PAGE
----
Jenny spoke in support of implementing safe access zones outside of reproductive health clinics in NSW.
Ms JENNY LEONG (Newtown) (12:03): I speak on behalf of The Greens in debate on the Public Health Amendment (Safe Access to Reproductive Health) Bill 2018. The Greens support the bill. I acknowledge the member for Port Macquarie for introducing the bill into this place, and it is absolutely true when she said that today is the day to protect women in New South Wales. While I and The Greens may have very strong views on what we should be doing about abortion law reform in this State, about protecting human rights and women's rights, the bill before us today is a simple one. It is about providing women with the ability to access health clinics, abortion clinics, and with the right to safe and accessible health expertise without being harassed, intimidated or bullied.
It is clear that that is what this bill is about, and I would urge all members who are listening closely and contemplating their decision to understand that. It is about making sure that women are not faced with harassment and intimidation when they undergo the most personal procedures that one could ever imagine. I inform members of the recent situation when I was pregnant and found myself in my local public hospital. It is confronting to be engaging with the reality of being pregnant and having contractions in a public hospital when people know you are the local member. It was a joyous time, a little traumatic and a little bit intense—it was a five-day labour and not the most pleasant of experiences. The reason I share that is because that situation was a positive and wonderful experience, and the reality of having people know what was happening to me at a very private and intimate time—even though it was a joyous time—was confronting.
I have had the other experience as well, and I have had to engage with other discussions around having a termination. I know that these are decisions that women make with a lot of personal consideration and discussions with the people closest to them and with medical experts and people who are advising and supporting them. When a woman makes that decision—whether to seek guidance and support in a women's health clinic to be able to have a child, or to have a termination—the idea that any individual thinks that it is appropriate to harass and intimidate her and her support people as they walk into the clinic, or the professionals who work in the clinic, is completely unacceptable. That is what we are discussing today. We seek to provide a level of support and protection to those women, their families and support people and to the people who work in the clinics so that they do not face that harassment and intimidation.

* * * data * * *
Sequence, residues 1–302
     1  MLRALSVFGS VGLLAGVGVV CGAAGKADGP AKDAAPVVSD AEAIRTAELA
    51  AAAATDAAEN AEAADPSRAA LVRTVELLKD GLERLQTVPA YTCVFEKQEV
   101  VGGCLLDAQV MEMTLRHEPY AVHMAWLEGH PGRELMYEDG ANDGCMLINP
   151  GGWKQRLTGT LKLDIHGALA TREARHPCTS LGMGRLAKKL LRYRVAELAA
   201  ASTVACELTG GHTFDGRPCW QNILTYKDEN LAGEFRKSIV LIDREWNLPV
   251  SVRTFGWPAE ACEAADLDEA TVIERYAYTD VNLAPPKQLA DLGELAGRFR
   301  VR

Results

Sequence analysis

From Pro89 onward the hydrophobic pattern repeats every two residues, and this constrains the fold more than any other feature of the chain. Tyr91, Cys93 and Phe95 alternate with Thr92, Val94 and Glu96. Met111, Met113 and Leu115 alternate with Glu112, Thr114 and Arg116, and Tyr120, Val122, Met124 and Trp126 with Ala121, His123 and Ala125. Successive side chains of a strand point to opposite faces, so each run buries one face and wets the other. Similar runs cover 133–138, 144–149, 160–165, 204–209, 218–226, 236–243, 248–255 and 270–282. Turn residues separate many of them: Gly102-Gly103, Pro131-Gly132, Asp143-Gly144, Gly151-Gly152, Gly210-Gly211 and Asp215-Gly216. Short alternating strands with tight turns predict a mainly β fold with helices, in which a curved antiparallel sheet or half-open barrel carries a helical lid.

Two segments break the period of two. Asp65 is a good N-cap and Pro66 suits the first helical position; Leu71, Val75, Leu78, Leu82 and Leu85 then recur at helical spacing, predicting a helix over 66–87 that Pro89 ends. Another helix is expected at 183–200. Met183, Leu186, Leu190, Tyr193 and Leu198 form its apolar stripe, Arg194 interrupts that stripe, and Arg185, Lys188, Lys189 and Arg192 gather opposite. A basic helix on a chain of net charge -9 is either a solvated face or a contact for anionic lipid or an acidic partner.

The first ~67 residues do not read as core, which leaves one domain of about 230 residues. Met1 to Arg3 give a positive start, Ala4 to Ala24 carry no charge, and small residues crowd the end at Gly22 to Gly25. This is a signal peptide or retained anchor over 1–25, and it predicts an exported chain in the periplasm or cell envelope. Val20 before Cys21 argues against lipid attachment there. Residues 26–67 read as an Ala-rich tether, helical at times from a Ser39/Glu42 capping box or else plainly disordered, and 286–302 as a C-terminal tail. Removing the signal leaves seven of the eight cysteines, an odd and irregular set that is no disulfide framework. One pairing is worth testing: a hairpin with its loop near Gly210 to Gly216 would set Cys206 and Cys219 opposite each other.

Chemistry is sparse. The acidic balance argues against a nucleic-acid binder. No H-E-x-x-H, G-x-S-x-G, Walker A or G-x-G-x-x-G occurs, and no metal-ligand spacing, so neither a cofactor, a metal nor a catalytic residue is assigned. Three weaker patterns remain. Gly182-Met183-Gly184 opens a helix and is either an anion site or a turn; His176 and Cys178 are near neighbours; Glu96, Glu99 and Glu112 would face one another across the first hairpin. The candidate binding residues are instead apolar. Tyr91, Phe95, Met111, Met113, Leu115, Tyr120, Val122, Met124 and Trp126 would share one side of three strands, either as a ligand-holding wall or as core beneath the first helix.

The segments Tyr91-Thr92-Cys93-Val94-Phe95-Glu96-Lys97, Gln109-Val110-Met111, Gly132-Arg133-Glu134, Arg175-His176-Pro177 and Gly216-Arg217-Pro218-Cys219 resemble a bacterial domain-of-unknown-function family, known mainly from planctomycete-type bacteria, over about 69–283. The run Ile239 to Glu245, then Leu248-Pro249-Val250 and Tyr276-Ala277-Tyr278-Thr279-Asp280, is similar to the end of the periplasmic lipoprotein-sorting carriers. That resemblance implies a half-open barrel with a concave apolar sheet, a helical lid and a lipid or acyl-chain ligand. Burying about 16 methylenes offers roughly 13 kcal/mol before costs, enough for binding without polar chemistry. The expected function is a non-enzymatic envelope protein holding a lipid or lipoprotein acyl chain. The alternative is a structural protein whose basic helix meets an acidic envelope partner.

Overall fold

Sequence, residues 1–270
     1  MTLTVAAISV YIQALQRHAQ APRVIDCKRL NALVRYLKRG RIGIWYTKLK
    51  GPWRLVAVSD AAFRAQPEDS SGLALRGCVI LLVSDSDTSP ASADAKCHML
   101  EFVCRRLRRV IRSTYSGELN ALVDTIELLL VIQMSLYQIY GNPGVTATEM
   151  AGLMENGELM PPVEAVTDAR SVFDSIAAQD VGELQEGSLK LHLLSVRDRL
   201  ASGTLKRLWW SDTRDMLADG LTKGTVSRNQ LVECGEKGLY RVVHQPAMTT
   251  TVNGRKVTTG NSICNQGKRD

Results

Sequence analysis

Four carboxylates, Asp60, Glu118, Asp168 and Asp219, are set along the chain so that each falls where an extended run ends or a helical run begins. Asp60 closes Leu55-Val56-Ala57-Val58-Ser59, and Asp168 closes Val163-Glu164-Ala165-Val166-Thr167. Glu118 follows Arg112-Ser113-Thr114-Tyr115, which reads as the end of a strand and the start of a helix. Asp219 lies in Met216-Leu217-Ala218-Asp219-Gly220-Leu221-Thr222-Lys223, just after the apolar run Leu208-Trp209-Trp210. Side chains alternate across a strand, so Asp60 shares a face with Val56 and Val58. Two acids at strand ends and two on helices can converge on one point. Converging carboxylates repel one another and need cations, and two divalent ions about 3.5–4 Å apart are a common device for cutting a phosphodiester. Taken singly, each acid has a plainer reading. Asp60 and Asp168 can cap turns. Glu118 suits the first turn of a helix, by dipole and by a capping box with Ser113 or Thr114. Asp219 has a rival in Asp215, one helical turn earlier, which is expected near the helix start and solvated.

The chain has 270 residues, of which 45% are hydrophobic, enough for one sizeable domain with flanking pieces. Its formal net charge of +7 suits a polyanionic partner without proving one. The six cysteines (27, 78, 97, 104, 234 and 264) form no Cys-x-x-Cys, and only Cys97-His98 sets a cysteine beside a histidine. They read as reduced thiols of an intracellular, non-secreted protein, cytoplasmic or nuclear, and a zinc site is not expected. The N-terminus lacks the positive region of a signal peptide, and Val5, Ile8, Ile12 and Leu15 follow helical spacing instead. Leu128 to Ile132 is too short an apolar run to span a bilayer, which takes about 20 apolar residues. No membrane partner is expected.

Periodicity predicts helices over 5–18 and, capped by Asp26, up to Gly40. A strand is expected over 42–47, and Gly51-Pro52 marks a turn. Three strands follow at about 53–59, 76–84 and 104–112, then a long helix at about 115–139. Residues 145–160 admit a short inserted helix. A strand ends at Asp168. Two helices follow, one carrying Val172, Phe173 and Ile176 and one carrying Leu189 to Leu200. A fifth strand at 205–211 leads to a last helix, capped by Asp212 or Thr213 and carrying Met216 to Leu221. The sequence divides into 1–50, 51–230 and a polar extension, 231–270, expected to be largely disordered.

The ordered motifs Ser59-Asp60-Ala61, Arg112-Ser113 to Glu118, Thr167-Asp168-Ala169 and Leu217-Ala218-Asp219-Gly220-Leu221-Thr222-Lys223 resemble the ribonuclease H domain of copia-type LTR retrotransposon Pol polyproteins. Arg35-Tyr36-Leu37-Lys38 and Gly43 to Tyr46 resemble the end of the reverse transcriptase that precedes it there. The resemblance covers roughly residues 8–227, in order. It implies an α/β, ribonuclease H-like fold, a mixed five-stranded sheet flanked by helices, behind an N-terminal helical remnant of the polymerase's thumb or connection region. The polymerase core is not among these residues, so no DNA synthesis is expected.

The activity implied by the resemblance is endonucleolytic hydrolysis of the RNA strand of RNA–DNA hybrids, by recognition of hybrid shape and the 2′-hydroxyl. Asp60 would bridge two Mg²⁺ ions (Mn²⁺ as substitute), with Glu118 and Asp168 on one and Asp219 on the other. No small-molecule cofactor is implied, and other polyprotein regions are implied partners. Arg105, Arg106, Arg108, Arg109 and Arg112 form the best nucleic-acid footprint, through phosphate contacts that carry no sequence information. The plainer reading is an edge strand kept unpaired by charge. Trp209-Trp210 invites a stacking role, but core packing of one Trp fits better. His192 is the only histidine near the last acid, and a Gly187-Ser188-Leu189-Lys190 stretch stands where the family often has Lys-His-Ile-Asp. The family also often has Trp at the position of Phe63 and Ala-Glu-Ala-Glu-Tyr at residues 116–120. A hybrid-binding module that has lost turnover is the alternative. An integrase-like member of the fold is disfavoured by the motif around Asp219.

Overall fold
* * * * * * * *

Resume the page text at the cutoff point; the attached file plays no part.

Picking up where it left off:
As members of Parliament we sometimes face harassment and intimidation as we walk into this place. The right of freedom to protest and to peaceful assembly is something that I will always protect. But there is no article in any United Nations convention that enshrines the right to harass or intimidate women. I encourage any members who are speaking against this bill to bring in the details of any United Nations convention or covenant that sets out the right to harass or intimidate women, because I would be interested to see that. As we have heard, the substance of this bill creates offences for the following actions within the 150-metre safe access zones: For interfering with access of persons to reproductive health clinics; obstruct or block a footpath or road leading to any reproductive health clinic; making a communication that relates to abortions that is reasonably likely to cause distress and anxiety; and capturing and distributing visual data of persons without their consent. It is clear that all of those acts would be abhorrent and should be punished. Women should be able to be free from that kind of harassment and intimidation.